The travel was often grueling (and exceedingly fragrant), but 10 years later, those passport stamps serve as visual reminders of experiences I wouldn’t have had any other way. (And, no, the company didn’t pay for my passport.) If similar experiences now cost an extra $3.50 a year, I can live with it.

Of course, that’s just me. You, as I suspect subsequent correspondence will demonstrate, may feel differently. If so, you still have options. You can limit your travel to domestic destinations or opt for a less-expensive passport card for (non-air) travel within the parameters of WHTI. And if you’re really angry about all this and feel it’s just another intrusion by a meddling government that’s ruining the country, you can renounce your citizenship altogether.

Alas, that’ll cost you $450.

Rob Lovitt is a frequent contributor to msnbc.com. If you'd like to respond to one of his columns or suggest a story idea, drop him an e-mail.

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Explainer: Passport rules

  • Heading outside the country and don't know if you need a passport? Taking a cross-border driving trip? Here's what you need to know about the passport rules.

    Source: State Department, msnbc.com research

  • Goal

    The Western Hemisphere Travel Initiative (WHTI) aims to strengthen border security and facilitate entry into the United States for citizens and legitimate foreign visitors by providing standardized, secure and reliable documentation that allows the Department of Homeland Security to quickly, reliably and accurately identify a traveler.

  • Timeline

  • July 13, 2010

    Applying for a U.S. passport got more expensive, jumping $35 for adults and $20 for minors (age 16 and below). A new passport now costs $135 and $105, respectively. Passport renewals for adults jumped $35 to $110. Fees for passport cards jumped to $55, up $10, for adults, and to $40, up $5, for children.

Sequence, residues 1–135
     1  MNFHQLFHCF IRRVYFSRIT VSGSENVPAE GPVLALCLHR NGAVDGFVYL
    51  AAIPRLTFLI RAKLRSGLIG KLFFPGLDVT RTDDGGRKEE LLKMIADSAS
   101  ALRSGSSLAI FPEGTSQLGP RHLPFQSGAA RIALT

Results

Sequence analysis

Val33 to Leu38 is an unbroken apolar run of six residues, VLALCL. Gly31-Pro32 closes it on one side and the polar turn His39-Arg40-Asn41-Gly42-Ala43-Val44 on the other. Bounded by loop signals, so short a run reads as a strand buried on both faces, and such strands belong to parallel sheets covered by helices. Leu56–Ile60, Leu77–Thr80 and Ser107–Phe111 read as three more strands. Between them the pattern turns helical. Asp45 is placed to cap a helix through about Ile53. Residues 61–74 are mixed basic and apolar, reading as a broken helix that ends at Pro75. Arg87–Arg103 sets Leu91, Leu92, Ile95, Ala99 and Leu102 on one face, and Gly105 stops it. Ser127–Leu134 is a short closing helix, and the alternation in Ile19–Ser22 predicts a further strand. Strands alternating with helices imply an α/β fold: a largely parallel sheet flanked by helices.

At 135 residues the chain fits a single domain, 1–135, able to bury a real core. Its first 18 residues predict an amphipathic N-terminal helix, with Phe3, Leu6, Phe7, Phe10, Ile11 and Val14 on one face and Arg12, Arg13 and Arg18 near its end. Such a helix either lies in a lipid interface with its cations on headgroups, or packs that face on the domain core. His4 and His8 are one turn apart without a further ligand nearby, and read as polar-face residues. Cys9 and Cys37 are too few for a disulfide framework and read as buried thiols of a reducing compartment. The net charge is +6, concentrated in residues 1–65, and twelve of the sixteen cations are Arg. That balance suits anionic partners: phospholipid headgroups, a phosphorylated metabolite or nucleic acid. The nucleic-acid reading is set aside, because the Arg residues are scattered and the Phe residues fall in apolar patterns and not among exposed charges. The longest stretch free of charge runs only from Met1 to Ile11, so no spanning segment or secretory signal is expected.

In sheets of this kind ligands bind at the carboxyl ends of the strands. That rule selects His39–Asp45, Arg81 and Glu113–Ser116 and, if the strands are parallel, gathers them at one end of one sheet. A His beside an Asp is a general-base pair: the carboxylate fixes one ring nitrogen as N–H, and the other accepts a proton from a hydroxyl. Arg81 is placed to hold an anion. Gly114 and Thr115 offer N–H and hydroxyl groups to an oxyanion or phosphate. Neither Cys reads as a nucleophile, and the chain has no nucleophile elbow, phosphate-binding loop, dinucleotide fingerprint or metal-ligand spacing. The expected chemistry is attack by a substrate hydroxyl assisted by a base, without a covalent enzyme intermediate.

• June 1, 2009

    As of this date, U.S. citizens traveling between the U.S. and Canada, Mexico, Central and South America, the Caribbean and Bermuda by land or sea (including ferries), will are required to present a valid U.S. passport or other documents as determined by the DHS.

  • Jan. 23, 2007

    As of this date, U.S. citizens traveling by air between the U.S. and Canada, Mexico, Central and South America, the Caribbean and Bermuda are required to present a valid U.S. passport, Air NEXUS card or U.S. Coast Guard Merchant Mariner Document.

  • Travel documents

    Under WHTI, the following documents will be acceptable to fulfill document requirements:

  • U.S. passport

    U.S. citizens may present a valid U.S. passport when traveling via air between the United States and Canada, Mexico, Central and South America, the Caribbean and Bermuda, and may also use a U.S. passport when traveling via sea and land borders (including ferry crossings).

  • Passport card

    The State Department started producing the U.S. Passport Card in July 2008. Also known as the PASS card, this limited-use passport in card format is available for use for travel only via land and sea between the U.S. and Canada, Mexico, the Caribbean and Bermuda. The Passport Card is about the size of a credit card and easily fits into a wallet.

  • Others

    WHTI-compliant travel documents for U.S. citizen travel via land or sea, as of Jan. 31, 2008:

    Trusted Traveler Cards (NEXUS, SENTRI or FAST)

    State-issued Enhanced Driver's License (when available)

    Enhanced Tribal Cards

    U.S. Military Identification with Military Travel Orders

    U.S. Merchang Mariner Document when traveling in conjunction with official maritime business

    Native American Tribal Photo Identification Card

    Form I-872 American Indian Card

  • More information

  • Travel between territories

    WHTI will not affect travel between the United States and its territories. Citizens traveling directly between the U.S., Puerto Rico, the U.S. Virgin Island, Guam, the Northern Mariana Islands and American Samoa will continue to be able to use established forms of identification to board flights and for entry.

  • How to apply

    U.S. citizens can visit the State Department’s travel website (travelstate.gov.) or call the National Passport Information Center at 1-877-487-2778 for information about applying for a passport.